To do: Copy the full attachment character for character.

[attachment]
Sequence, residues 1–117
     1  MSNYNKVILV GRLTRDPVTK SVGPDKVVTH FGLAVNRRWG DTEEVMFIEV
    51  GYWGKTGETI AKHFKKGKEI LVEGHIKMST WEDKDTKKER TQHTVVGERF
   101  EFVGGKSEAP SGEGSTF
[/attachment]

Sequence, residues 1–117
     1  MSNYNKVILV GRLTRDPVTK SVGPDKVVTH FGLAVNRRWG DTEEVMFIEV
    51  GYWGKTGETI AKHFKKGKEI LVEGHIKMST WEDKDTKKER TQHTVVGERF
   101  EFVGGKSEAP SGEGSTF